By the 1950s, Billie’s voice was cracked and tattered. In her late recordings she sounded infinitely sad. What kind of suffering had she gone through to feel such despair? It was beyond our experience—we were middle-class White kids, in good high schools and colleges, heading to prosperous careers. Billie had sung in whorehouses, on the streets. It was only by the wildest stroke of luck that a record executive “discovered” her, and by age 19 she was recording for Columbia Records—the most prestigious label of the time. Though we couldn’t admit it to ourselves, we sensed that our love of jazz, and especially of her, was a kind of slumming, and that her fans and record companies used her, never fighting for her right to perform in New York clubs, treating her as an object of pity rather than a great artist. And yet without the White Establishment, her genius would never have reached such a wide audience—including the sweaty gang of White kids in the Loew’s Sheridan, waiting impatiently that late night for a glimpse of Billie.
Miked up: At the first Monterey Jazz Festival, October 1958. Photo by Nat Farbman. . . . . . . . . . . . . .
Three o’clock in the morning. We could hardly breathe. I seem to remember Jean Shepherd finally coming out on stage, his face flushed with relief: “Folks, she made it!”
Lights out. Complete darkness. A blue spotlight from high in the rafters found a fragile-looking woman in a sequined dress that looked like it was made of black diamonds. The theater went totally silent. The air seemed to cool down five degrees, no doubt out of a sense of relief that she actually existed.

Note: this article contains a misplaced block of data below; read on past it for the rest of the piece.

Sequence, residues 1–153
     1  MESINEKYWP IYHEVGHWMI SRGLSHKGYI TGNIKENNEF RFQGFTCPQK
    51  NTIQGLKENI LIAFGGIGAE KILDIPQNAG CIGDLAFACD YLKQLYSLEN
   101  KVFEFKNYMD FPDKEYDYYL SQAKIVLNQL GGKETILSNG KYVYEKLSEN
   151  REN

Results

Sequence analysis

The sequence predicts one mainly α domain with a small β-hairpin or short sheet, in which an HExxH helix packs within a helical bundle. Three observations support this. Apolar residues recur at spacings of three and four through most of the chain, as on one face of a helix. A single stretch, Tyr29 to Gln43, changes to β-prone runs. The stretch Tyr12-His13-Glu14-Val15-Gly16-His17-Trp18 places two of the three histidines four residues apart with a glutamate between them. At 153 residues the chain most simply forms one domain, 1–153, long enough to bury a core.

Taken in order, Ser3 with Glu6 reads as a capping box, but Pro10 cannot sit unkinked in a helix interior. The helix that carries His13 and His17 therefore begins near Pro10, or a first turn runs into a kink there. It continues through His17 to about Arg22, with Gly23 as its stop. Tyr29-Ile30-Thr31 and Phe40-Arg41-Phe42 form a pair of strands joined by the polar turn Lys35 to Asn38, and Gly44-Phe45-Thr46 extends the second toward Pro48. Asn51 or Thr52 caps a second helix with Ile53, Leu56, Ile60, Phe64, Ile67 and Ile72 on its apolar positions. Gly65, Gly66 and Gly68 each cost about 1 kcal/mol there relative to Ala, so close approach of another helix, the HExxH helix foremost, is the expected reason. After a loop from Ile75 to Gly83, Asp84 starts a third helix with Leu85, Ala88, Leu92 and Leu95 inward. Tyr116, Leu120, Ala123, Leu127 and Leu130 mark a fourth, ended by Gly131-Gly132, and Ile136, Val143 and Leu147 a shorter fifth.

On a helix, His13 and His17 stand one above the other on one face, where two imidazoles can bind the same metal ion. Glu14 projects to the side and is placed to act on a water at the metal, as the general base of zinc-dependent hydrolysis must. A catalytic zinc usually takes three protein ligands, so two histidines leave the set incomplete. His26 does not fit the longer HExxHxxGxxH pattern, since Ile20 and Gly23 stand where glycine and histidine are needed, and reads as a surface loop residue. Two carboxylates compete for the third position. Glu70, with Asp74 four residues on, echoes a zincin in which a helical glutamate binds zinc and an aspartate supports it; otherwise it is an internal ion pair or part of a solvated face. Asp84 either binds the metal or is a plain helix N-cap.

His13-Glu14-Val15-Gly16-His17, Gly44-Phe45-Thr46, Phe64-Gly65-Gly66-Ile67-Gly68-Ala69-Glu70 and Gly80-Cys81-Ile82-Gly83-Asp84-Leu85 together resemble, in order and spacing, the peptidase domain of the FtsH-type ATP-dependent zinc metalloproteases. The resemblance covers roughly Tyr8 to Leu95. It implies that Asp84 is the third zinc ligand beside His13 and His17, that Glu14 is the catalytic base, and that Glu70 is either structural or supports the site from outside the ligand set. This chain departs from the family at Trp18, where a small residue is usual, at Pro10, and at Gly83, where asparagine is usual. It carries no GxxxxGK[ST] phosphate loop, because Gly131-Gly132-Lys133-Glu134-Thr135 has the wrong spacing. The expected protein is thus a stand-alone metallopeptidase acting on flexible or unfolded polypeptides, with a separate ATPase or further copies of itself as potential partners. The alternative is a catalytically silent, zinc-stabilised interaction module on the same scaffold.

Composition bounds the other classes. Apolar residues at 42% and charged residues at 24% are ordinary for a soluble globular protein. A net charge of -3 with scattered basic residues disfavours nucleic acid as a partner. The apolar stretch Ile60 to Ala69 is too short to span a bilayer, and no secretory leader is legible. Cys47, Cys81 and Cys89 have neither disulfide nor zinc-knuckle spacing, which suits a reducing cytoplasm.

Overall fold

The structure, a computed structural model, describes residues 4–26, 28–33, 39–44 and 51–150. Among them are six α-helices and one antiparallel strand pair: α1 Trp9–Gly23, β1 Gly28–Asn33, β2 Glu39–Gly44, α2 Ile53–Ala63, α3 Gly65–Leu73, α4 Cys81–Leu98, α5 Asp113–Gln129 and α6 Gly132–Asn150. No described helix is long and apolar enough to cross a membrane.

The only mentions I can find online of her performance that night are polite but perfunctory. John Wilson of TheNew York Times noted that “once she had worked away a tendency toward thickness and lumpiness, she sang with a quiet passion that was deeply moving.” The Village Voice, which sponsored the concert, merely noted that she sang 10 songs, including her classic “Don’t Explain.”
For me, the experience went deeper than singing. Her voice was slurred and dreamy, as if she were talking in her sleep. It didn’t matter whether she hit all the notes. She wasn’t singing so much as talking—mostly lamenting, but occasionally looking off into the distance and chuckling at her own pain. What I heard was someone who had learned to express pure feeling through other people’s words, by somehow absorbing them until they became her words, her sounds, her emotions.
I don’t remember any individual songs—only the continuous sense of pain being transformed into art. Nor do I remember taking the subway home afterward to a bed far cozier than the ones Billie must have slept in. But I knew that her performance had changed me. I felt older. She had opened up for me a realm of grown-up emotions where I’d never been before, at least not consciously. I felt love, I felt awe. Most of all, I felt another person’s suffering, and my own.
I was 16.
Billie died two years later, at the age of 44. Her body lay for a year in an unmarked grave.
George Blecher writes for The New York Times and for a number of European publications about American politics and culture. See georgeblecher.com